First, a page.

I am sure that my enjoyment of this book would have been enhanced if I had known that was following on from her previous book Leaving Ocean Road. In spite of being occasionally baffled by the large cast of characters and family relationships, I enjoyed reading it.
Horrible Histories- Vicious Vikings by Terry Deary & Illustrated by Martin Brown
Easy to read, lots of fun and a palatable way to get facts. Never discount children’s books!
Lethal White by Robert Galbraith
This is a book that demands commitment at 640+ pages, and it is a hefty tome to hold, while you are reading it. A good one to get on Kindle perhaps? I was never bored, sometimes confused, enraged, amused or trying to work out the plot. The book starting at Robin and Matthew’s wedding kept continuity, although I really didn’t want the wedding to happen. I didn’t warm to Matthew and I was waiting for his comeuppance. I found the emerging relationship, comradeship, whatever you’d call it, between Strike and Robin, at least as compelling as the central mystery. And yes. I am looking forward to the next instalment
Midnight At The Bright Ideas Book Shop by Matthew Sullivan
Like many book lovers, I enjoy reading about books and bookshops, so when this popped up in my library feed I requested it. At times it is a deeply disturbing read, which kept me intrigued. It is both gritty and sad I haven’t read another book like it. It kept me metaphorically on the edge of my seat. A complex layered story and the ore you read the more involved you become. Lydia’s story forms the backdrop and as we learn more about her and her past, aspects of the story in the present become clearer.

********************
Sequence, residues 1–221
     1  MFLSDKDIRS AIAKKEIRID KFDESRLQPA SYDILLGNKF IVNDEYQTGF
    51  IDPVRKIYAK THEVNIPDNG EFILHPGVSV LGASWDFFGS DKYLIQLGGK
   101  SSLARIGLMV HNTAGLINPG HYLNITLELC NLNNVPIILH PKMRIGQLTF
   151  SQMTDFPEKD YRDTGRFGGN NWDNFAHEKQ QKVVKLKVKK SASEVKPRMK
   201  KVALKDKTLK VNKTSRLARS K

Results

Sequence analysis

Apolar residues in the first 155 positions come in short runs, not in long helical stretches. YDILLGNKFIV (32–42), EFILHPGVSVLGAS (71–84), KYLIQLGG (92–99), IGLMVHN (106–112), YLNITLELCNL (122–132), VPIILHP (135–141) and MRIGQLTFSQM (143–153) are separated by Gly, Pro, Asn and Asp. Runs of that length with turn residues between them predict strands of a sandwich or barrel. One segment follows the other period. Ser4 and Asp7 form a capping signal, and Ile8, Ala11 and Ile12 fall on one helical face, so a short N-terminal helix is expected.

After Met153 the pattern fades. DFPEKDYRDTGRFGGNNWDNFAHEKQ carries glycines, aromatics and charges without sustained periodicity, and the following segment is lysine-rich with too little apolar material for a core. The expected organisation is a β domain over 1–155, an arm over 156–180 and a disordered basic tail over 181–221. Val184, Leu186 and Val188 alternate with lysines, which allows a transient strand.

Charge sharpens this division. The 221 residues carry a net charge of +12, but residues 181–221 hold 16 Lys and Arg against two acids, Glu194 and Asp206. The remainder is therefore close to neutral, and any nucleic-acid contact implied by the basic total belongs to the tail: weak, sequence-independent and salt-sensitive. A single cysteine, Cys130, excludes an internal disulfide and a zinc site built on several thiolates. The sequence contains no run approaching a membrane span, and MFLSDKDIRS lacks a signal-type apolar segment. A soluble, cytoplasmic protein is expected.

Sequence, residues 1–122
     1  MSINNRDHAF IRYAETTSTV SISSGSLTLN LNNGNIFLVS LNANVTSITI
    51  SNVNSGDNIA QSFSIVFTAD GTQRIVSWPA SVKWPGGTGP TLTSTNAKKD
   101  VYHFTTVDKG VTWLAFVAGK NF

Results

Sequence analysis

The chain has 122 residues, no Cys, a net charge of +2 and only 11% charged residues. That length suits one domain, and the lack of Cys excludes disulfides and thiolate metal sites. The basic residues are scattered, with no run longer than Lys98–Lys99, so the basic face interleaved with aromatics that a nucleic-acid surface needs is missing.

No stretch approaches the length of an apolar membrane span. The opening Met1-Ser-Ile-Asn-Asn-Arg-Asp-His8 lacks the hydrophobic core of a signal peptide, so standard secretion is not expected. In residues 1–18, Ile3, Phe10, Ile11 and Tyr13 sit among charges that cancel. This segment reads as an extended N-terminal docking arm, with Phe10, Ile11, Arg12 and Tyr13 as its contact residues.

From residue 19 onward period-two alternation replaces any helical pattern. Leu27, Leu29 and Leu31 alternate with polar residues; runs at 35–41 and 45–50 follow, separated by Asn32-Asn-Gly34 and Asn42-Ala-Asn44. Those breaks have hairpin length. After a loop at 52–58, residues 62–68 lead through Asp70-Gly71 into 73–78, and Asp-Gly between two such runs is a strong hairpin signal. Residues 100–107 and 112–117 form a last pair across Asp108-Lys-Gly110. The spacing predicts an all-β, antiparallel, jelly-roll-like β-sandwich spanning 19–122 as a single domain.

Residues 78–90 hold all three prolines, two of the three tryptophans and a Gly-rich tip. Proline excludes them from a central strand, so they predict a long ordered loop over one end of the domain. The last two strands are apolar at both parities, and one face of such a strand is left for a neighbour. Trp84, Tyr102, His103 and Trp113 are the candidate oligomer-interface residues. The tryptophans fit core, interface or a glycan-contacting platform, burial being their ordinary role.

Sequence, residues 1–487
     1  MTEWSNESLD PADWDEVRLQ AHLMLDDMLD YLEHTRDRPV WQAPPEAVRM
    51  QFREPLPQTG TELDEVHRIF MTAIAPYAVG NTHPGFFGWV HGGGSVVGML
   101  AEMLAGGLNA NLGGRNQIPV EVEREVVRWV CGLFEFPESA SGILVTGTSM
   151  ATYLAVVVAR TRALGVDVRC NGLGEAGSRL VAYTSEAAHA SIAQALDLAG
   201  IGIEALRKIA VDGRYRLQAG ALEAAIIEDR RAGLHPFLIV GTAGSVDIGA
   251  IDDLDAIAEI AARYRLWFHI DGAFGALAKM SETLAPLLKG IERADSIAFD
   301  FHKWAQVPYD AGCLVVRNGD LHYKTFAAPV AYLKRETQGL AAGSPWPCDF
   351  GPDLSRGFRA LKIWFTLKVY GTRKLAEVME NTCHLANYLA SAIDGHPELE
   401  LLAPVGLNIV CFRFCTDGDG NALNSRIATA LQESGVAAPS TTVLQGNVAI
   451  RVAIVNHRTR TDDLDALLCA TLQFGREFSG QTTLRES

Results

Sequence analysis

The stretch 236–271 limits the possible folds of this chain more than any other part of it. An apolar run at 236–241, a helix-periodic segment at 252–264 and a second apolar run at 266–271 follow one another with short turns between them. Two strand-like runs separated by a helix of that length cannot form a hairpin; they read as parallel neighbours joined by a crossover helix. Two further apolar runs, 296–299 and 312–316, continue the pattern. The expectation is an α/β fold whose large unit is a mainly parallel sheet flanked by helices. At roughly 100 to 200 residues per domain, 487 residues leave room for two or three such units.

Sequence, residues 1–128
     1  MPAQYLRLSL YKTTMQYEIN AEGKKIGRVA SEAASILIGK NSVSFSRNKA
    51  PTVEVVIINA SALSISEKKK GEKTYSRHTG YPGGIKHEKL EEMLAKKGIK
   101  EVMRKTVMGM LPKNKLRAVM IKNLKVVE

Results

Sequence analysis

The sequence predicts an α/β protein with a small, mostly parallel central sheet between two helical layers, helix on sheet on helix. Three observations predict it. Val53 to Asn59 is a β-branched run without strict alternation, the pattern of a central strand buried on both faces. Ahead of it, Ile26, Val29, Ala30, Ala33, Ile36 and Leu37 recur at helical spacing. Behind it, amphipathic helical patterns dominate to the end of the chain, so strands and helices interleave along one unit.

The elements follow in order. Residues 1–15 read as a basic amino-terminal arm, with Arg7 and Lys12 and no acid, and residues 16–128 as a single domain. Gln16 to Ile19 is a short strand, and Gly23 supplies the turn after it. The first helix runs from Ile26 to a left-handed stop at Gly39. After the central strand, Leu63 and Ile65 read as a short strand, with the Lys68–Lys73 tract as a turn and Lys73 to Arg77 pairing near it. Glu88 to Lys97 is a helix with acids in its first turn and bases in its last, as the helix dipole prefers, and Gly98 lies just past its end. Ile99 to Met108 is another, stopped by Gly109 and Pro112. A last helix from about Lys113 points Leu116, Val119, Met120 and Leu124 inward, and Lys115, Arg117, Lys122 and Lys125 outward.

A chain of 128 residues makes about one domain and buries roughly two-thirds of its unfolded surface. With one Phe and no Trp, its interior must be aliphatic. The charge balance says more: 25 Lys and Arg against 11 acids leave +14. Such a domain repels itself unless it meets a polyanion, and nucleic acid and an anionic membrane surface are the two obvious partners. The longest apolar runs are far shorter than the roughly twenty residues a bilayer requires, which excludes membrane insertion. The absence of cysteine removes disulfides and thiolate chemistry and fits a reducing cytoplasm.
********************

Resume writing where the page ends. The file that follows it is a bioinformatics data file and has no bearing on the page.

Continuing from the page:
As those of you who live with cats will understand cats rarely do anything they don’t want to. So today was quite a special day for me. We currently have two cats Annabelle, a tortoiseshell also known as ‘the aloof one’ and Alexei, mainly white with grey markings, ‘the friendly one.’
We have had them both since they were eight-week-old kittens, we’ve treated them the same, but they could not be more different in temperament and personality.
Annabelle is elusive, shy, a shadow of a cat, who then demands to come into our bedroom and sleep with us.
Alexei is relaxed, friendly, laid back he will bound onto a vacant knee sure of a welcome and lie back in my arms like a baby.
Today, after almost ten years together Annabelle decide she liked me. When I journal each morning, she keeps me company, usually at arm’s length but present.
When I am allowed to, I stroke her ears and tell her how pretty she is. Her green eyes survey me with an amused detachment as she takes this praise as her due.
Today, I was bumbling about doing the early morning chores when she stopped and meowed. Did she want to go out? I opened the door, but she did not follow. Instead, she stood squarely in the doorway to the room where I sit to write in my journal and meowed again. A royal command! She wanted my company.